and does this prevent you from raising other issues?

W: No, I've never had problems communicating with white elected officials.

I: Okay. What services, now in terms of things along the lines of fire

protection and health and things of that nature-street paving-what

services have you provided the people here in Eatonville that they

did not have before you took office?

W: The only one I can partially take credit for is the $42,000 grant that

we received through the Community Development Act, and that money is

to be used to upgrade our water systems as far as paving of the streets.

Hopefully, when we get some .c_-y money next year, we're going

to take that money and start paving the streets.

I1: Okay. All right. Can you think of any other services that you've been--

W: We got a community service grant and that grant picked up the salary of

our librarian and supports our recreation department. And that's about it.

I: Okay. Would you please rate how effective you think you've been in

each of the following service areas, either very effective, somewhat

effective or not effective. In the area, first,apolice protection?

W4 You mean personally or the council?

I: You personally on the council as a member of the council.

W: Very effective.

I: Okay. And in the areas of streets and roads?

W: Not very effective.

I: In the area of housing?

W: Not very effective.

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I: In the area of welfare?

W: Not very effective.

I: In the area of employment?

W: Well, because of that grant I wrote, I would say very effective

because that was able-we were able to keep people on payroll that

we would have had to lay off so I would rate that as being very


I: Okay. In the area of parks and recreational facilities?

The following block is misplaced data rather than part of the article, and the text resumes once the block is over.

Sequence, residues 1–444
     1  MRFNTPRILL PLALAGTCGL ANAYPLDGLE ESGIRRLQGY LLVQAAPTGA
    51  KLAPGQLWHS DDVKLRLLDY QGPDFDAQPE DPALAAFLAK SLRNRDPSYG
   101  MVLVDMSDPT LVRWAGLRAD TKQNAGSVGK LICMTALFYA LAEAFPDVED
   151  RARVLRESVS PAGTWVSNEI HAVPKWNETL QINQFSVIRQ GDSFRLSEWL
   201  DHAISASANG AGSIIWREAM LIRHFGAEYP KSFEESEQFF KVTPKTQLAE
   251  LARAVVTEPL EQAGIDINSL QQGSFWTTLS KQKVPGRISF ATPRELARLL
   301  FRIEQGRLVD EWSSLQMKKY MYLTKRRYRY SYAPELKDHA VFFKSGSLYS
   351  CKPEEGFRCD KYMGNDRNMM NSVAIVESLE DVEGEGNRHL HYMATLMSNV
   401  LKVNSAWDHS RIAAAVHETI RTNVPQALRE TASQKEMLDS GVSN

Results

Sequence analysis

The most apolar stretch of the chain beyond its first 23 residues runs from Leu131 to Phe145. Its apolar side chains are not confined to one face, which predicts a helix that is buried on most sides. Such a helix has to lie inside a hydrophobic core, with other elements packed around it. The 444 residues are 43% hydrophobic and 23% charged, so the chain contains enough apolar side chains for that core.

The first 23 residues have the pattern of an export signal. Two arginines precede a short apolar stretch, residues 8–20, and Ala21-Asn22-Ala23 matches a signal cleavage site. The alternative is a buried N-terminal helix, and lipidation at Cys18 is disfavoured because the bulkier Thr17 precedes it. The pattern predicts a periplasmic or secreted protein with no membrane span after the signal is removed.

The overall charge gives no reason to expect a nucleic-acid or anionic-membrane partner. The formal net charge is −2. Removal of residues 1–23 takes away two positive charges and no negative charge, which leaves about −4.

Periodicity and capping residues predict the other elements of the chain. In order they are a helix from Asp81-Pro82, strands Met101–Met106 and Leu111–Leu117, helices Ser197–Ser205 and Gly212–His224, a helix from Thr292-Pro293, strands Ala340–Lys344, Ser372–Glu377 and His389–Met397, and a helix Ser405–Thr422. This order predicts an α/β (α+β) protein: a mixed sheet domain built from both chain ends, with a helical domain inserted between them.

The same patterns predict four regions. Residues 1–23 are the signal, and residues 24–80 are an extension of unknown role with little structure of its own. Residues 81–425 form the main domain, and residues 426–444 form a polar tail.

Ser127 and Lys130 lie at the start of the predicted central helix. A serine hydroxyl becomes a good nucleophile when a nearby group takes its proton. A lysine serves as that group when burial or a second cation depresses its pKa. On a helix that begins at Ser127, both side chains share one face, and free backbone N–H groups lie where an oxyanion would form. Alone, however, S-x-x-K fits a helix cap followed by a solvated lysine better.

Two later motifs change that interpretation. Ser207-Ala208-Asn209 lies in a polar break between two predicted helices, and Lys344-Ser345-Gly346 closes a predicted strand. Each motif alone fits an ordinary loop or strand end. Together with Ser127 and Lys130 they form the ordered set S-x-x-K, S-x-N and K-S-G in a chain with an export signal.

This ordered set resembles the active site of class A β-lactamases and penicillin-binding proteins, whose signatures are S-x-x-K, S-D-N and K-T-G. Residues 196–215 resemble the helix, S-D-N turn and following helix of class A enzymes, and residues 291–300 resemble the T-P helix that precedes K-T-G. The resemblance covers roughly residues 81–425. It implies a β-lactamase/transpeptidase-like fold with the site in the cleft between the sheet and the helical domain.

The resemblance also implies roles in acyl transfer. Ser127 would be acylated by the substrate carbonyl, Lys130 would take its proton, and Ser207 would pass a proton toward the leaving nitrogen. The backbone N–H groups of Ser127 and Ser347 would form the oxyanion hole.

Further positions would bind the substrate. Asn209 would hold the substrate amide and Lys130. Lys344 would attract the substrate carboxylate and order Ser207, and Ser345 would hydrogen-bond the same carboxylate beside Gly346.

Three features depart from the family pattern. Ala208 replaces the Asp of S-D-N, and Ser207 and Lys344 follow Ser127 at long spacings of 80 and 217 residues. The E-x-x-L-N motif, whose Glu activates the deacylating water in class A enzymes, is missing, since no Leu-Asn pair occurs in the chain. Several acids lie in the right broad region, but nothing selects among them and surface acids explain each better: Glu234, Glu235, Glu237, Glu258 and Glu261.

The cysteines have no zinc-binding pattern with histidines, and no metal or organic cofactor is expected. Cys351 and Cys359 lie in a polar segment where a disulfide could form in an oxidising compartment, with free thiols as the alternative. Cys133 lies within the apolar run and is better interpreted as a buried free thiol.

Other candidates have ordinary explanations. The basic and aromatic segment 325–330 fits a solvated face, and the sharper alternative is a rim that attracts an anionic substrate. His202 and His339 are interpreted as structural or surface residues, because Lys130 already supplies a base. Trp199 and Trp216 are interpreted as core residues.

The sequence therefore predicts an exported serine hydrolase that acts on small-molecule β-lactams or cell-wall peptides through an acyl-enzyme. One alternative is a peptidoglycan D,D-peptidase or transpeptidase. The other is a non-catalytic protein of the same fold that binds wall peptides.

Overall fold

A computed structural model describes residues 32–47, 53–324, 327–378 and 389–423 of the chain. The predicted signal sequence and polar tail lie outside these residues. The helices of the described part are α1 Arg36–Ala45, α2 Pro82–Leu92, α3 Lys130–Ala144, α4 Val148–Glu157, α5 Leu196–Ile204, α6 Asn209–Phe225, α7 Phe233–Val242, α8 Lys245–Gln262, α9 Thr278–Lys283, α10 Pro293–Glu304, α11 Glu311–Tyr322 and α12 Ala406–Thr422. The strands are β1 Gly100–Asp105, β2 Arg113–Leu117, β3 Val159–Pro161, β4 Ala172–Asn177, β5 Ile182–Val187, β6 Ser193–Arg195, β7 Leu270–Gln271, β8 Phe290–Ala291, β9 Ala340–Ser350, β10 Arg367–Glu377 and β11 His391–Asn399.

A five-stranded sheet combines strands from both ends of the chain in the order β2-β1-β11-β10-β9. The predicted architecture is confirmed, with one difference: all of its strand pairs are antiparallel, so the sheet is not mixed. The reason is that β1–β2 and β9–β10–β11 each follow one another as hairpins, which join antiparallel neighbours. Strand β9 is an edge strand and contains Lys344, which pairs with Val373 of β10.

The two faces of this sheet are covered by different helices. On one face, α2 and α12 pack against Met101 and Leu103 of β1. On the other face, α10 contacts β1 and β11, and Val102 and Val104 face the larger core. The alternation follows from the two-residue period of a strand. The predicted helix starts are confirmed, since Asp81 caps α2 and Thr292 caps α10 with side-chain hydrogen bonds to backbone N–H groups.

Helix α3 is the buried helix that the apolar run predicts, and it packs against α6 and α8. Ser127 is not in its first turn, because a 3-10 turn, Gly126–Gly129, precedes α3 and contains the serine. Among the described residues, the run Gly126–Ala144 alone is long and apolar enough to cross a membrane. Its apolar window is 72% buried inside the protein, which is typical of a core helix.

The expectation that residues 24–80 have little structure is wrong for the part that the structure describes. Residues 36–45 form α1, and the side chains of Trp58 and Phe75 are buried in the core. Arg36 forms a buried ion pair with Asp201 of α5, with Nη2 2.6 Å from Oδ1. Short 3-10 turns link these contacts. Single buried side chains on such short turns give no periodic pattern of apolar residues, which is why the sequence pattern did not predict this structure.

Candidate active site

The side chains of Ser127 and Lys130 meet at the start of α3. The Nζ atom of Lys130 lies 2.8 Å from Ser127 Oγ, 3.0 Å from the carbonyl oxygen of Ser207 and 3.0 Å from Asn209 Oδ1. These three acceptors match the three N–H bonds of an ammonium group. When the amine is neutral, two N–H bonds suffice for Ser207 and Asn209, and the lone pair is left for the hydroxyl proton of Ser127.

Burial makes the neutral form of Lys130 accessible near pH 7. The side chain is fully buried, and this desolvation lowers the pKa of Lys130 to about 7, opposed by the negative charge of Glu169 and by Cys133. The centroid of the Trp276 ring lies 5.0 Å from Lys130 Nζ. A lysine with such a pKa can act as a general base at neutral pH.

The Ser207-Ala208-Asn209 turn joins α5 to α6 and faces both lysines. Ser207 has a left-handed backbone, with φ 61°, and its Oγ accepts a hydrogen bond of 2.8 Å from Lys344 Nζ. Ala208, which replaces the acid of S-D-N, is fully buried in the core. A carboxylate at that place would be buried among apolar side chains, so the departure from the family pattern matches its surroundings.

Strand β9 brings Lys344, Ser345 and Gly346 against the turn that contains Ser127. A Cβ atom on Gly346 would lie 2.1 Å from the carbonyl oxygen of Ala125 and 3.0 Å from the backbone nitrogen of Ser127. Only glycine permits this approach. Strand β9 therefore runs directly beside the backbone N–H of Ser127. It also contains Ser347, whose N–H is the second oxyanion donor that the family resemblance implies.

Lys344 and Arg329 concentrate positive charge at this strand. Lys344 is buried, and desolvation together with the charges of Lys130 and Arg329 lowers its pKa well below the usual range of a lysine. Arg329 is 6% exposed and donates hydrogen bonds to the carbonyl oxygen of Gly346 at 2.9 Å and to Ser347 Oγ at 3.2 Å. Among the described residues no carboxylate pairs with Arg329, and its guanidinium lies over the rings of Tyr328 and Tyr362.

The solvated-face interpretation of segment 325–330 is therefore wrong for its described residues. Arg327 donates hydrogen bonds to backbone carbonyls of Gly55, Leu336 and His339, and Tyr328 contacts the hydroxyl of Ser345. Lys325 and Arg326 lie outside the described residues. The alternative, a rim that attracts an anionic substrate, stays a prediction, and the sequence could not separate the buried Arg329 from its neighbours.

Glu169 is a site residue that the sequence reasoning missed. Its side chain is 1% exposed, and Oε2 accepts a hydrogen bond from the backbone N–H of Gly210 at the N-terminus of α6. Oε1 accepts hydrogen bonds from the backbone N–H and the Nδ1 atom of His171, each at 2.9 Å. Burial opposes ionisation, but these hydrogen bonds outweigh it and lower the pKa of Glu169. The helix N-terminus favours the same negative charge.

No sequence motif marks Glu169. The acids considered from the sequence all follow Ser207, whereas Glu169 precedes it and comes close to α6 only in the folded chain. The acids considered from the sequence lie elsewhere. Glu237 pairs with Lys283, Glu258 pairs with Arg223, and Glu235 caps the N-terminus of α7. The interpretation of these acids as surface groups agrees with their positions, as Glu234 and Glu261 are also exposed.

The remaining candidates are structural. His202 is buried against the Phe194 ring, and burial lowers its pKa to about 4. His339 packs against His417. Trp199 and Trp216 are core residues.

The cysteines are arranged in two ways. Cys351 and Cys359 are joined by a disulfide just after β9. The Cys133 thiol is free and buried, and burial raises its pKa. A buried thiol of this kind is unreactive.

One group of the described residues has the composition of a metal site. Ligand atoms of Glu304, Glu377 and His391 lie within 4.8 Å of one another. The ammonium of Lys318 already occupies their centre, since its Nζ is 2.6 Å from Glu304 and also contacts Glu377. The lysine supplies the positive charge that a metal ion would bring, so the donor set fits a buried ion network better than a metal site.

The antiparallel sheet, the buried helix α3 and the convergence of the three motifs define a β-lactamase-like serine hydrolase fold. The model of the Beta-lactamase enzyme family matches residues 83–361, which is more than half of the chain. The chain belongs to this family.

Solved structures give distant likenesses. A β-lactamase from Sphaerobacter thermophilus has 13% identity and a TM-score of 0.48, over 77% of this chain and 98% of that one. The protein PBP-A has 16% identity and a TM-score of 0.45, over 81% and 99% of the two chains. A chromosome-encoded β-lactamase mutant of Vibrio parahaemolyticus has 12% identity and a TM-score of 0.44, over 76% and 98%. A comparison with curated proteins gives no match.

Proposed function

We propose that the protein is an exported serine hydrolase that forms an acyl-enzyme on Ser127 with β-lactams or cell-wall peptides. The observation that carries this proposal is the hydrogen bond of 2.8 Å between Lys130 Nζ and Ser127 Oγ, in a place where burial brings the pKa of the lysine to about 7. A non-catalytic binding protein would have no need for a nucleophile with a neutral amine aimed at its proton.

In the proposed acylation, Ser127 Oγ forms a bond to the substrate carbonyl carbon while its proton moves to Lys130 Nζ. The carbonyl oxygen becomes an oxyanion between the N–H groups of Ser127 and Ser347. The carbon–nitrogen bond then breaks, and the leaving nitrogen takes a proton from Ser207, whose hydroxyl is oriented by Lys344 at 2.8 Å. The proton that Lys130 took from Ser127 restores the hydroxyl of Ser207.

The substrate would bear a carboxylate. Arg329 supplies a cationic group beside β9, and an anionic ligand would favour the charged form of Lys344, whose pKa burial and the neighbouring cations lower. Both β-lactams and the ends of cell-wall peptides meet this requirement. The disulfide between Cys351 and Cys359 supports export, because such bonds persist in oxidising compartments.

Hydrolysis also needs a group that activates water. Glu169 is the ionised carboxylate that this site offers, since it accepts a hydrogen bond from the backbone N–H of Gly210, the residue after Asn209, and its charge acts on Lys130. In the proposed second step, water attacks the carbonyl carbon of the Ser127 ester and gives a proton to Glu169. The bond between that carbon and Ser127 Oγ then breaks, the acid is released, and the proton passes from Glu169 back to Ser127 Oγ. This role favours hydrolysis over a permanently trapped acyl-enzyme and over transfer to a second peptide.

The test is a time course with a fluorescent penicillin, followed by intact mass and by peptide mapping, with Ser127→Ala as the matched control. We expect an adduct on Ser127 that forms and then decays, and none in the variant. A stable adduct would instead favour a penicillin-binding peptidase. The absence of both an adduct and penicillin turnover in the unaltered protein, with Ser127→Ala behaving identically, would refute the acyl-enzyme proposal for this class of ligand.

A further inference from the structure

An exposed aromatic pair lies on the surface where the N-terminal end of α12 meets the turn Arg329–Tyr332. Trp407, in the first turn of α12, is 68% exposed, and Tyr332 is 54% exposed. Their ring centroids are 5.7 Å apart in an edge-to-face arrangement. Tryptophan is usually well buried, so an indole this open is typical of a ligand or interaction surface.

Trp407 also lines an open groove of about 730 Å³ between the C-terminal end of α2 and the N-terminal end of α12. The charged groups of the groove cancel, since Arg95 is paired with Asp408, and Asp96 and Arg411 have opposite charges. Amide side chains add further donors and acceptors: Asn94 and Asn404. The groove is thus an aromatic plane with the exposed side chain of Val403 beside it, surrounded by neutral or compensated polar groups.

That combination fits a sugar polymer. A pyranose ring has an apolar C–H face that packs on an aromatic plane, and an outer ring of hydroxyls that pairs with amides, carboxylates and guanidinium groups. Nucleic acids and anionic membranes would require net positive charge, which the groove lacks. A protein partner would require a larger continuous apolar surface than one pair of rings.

W: Very effective.

I: Specifically what have you done there?

W: For instance, we just received another grant from the bicentennial which

I helped the. employees work on. And so we're in the process of

developing a mini-park right here on the corner. And again, that goes

back to the grant that we received from the Department of Community

Affairs where we kept the recreation director, the librarian, and an

assistant recreation director on payroll to provide recreation.

I: Okay.

W; programs for the community as well as through the library we provided

remedial and tutorial as well as other things that are involved in a

librarian's duties.

I: Okay. How about in the area of water, sewage and garbage?

W: Water, very effective. Sewer and garbage, not very effective.

I: Okay. And in the area of health and hospitals?

WI Not very effective.

I: In the area of education?

W: Not very effective.

I: And finally, in the area of fire protection?

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W: Well, I'm going to say effective.

I: Effective--very effective or somewhat effective?

W: Somewhat effective.

I: Okay. Why do you say somewhat effective?

W: Well, based on--I'm not saying very effective because based on the

financial situation that we have now, we had to lay off some of our

firemen. And our fire department is understaffed and there are a

lot of firefighting equipment that we need which we do not have the

money to purchase.

I: Okay. Now you mentioned that you've gotten federal grants for your--

for the district here in Eatonville. Could you list some of the more

important grants that you've gotten. Could you list the revenue sharing

that you've gotten, and could you list some of the amounts?

W: Revenue sharing would not be considered as a grant I got because the--

I: Yeah, that's another federal fund.

W: Yeah, that's something that you're going to automatically get based on

populations and in your needs and assessment so one individual could (

not take credit for, you know, negotiating on revenue sharing. So

the only thing I could, you know, take any half of the credit for

would be the $42,000.00 we got from the Community Service Grant, and

the Community Development Grant, and the Community Service Grant--I